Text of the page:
By Ilona Kauremszky

Q: My husband and I are planning a trip to France in 2004 to tour some Wine regions. We will be away two weeks. Could you possibly suggest which regions to visit? What time of year would be best?

A: About the size of Texas, France celebrates 17 wine producing regions which has captivated the tastebuds of the ancient greeks, royalty, farmers and of course the entourage of tourists. One of the best times to visit I'm told is from May to the beginning of September before the wine harvest. You can descend to the ancient cellars and inhale the specially blended aroma of the precious fruit of the vines.

Some of the more popular regions include the Loire Valley (Chinon, Montlouis, Vouvray, Bourgueil), the Chateaux in the vicinity of Bordeaux (Sauternes, Margaux, Medoc), the Champagne region in Northern France, Languedoc Roussillon, and of course Provence particularly for the flavorful wines from Chateauneuf du Pape.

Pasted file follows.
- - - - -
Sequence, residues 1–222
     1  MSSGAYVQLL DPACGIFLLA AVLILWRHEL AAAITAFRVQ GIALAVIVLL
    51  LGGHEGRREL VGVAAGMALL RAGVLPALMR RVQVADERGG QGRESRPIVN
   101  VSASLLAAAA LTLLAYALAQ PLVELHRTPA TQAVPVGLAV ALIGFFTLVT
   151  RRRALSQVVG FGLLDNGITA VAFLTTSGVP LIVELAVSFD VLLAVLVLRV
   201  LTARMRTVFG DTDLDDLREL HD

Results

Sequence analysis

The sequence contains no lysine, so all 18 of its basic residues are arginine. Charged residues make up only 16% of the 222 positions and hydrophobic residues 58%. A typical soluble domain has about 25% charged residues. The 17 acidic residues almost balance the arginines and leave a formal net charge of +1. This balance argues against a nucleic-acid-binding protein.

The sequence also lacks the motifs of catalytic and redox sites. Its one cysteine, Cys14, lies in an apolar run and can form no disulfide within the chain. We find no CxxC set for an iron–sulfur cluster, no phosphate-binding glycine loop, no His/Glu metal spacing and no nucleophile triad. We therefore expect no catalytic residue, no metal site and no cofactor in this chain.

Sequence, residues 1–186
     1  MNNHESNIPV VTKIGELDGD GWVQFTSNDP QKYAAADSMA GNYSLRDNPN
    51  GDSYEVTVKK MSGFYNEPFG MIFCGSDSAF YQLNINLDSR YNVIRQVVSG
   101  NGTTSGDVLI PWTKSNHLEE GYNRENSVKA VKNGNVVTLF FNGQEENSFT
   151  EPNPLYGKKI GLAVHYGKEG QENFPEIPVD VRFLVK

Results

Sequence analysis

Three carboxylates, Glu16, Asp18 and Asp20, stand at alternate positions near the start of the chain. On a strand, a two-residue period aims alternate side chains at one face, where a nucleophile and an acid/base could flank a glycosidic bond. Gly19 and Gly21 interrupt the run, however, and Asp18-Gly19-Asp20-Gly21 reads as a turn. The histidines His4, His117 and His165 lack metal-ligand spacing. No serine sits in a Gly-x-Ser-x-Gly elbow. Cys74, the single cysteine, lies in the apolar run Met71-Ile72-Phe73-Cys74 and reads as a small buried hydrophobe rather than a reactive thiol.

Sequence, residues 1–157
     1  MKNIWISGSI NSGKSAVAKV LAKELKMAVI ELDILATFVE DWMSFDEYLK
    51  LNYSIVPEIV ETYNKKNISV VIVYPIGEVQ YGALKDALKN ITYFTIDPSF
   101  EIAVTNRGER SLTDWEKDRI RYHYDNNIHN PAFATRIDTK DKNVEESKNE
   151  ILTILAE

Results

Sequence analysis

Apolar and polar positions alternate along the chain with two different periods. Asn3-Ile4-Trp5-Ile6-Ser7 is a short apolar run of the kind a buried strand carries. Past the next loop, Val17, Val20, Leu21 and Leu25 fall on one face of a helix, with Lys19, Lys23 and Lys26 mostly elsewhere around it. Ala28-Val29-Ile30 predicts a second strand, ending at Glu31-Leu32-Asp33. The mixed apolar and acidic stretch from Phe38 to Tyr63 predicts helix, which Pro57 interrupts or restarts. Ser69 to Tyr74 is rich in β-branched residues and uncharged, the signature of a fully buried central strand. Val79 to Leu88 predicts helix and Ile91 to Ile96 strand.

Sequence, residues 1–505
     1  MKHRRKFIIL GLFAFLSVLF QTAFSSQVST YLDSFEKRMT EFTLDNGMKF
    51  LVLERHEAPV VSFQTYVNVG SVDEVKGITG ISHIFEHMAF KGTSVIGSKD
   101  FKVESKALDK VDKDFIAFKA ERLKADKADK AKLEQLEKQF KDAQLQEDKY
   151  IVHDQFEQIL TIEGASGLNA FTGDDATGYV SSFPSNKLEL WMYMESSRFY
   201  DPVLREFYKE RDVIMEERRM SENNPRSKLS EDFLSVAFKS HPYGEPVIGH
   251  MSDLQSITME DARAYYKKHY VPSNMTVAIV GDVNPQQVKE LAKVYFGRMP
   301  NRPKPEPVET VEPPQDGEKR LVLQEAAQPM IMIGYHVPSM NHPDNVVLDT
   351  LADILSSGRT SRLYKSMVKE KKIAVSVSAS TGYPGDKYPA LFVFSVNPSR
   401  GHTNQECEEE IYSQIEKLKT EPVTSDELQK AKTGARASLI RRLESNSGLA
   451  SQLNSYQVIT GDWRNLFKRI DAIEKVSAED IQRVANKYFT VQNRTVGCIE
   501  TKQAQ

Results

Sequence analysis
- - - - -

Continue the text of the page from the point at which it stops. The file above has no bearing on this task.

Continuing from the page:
You have many options from which to choose. But if you have 10-14 days in France, the best bet is to begin the wine journey through the Loire Valley which is roughly one hour from Paris via the high speed train, proceed to Bordeaux and discover the caves of St Emilion and Monbazillac. Or you could rent a car and drive from Paris to the Champagne region and afterwards, visit Burgundy and the Beaujolais areas, famous for its red wines.

For more details on the different vineyards, wine routes and itineraries, visit the France Tourism web site at and click on the Art de Vivre section. The office also has a specially designed map on the vineyards of France. You can obtain a complimentary copy when you call (514) 876-9881 or e-mail them at

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All text & photos 2004.